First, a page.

State Rep. Jack O’Malley this week voted to advance a budget proposal providing needed tax relief for people throughout northern Michigan while committing resources to schools, roads, workforce development and other crucial services.
“Times have been tough, and this plan provides workers, families and communities with the resources they need,” said O’Malley, of Lake Ann. “It is important to make these critical investments without raising taxes. We can’t create costs the state can’t cover later on – and this is a plan that is going to make the best use of taxpayer money as we go forward.”
Highlights of the plan include:
Tax relief: The plan leaves $1 billion for annual tax relief starting in the upcoming fiscal year that will put more money back in people’s pockets across northern Michigan – significantly more than proposed by Gov. Whitmer. Her plan accounts for less than $400 million next budget year, and about $757 million once fully phased in through 2025. Whitmer has vetoed Republican plans to lower the income tax rate and suspend the gas tax, but efforts will continue to lower taxes immediately as part of the budget process.
Support for students: The House K-12 plan includes a record-high school aid fund of nearly $20 billion, including a per-pupil foundation that is up $300 per student from the current year and more than $2,000 than from a decade ago. In addition, the budget includes more than $500 million for teacher recruitment/retention, $300 million in school safety initiatives, an additional $210 million for special education cost reimbursements, and more resources for rural transportation.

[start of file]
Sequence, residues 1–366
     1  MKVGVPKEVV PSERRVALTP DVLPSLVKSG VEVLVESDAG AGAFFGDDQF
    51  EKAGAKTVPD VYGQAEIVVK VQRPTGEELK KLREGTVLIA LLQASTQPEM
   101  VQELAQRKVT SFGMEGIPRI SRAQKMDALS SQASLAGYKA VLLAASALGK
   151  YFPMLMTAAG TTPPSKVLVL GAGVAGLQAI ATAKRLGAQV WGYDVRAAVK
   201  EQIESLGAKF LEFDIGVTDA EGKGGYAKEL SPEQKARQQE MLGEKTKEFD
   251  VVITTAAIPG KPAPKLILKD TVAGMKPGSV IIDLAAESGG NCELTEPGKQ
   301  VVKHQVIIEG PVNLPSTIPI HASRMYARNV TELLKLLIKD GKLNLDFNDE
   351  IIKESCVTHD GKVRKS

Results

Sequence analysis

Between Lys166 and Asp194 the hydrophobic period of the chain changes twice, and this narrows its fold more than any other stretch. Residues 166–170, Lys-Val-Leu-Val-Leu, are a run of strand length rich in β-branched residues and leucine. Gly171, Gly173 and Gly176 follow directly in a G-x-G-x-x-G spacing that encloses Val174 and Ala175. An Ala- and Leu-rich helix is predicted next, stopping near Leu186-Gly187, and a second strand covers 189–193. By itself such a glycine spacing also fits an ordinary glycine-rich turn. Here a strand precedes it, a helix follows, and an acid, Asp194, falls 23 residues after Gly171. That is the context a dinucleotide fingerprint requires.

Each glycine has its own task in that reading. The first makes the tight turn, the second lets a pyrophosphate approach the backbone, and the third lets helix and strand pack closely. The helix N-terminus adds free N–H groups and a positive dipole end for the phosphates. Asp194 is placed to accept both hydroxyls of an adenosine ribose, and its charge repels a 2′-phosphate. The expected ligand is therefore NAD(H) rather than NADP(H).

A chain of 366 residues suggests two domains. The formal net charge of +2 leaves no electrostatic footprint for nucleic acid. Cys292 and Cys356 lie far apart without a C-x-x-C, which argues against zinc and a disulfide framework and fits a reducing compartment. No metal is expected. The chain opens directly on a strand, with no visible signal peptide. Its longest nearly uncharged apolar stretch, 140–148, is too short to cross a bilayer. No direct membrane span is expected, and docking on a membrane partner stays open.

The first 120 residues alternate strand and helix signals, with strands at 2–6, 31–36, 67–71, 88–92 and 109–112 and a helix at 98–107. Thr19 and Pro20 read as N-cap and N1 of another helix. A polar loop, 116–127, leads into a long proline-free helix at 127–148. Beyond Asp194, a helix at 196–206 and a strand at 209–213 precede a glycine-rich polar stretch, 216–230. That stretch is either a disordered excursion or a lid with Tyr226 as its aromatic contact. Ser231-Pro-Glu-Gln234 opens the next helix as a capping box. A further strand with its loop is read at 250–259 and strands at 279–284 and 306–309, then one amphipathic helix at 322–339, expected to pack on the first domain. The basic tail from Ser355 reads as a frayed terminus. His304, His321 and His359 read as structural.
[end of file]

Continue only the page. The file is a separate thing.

Workforce and economic development: The House plan continues efforts to train Michigan workers for high-demand jobs, as the state takes on a competitive mindset for the employees of both today and tomorrow. A total of $155 million in federal COVID relief would expand the Reconnect program, which provides scholarships to adults who go back to school to earn an associate degree or skilled trades certification. New requirements will offer opportunities to adults as young as 21 and ensure participating community colleges make the best use of students’ prior life experience. Short-term grants will be made available for private training programs. A separate, $30 million competitive grant program will help grow start-ups with the potential to provide good, high-demand jobs, and an additional $5 million will bolster apprenticeship programs.
O’Malley, who chairs the House Transportation Committee, also underscored nearly $6.8 billion in the budget for roads – up nearly 25 percent from the current year. This includes a $750 million investment in the local roads and bridges connecting our driveways to highways – something the second-term legislator has long stressed as a dire need.
“These are the roads people use every day to go to work, get groceries, drop their kids off at school and a multitude of other things,” O’Malley said. “Fixing highways is great for our state’s infrastructure, but local roads are crucial arteries that must be maintained – and we’re providing the resources to do it.”
The budget proposal now advances to the Senate for further consideration.
A plan from state Rep. Jack O’Malley establishing a more effective, higher-quality child-care system for Michigan families is headed to Gov. Gretchen Whitmer after receiving final legislative approval today.
Rep. O’Malley talks about the signing into law Thursday of his House Bill 5041, which increases the number of children that an in-home care provider can receive if it meets certain criteria – thereby expanding available spots for families. Rep. O’Malley says the bill, and a number of companion bills, were driven by input from […]
Rep. O’Malley talks about Senate passage Wednesday of his HB 5041, which increases the adult-to-child ratio for in-home child care providers from 1:6 to 1:7. Rep. O’Malley says the plan should help alleviate a serious shortage in child care across Michigan and keep more operators in business. The measure now returns to the House for […]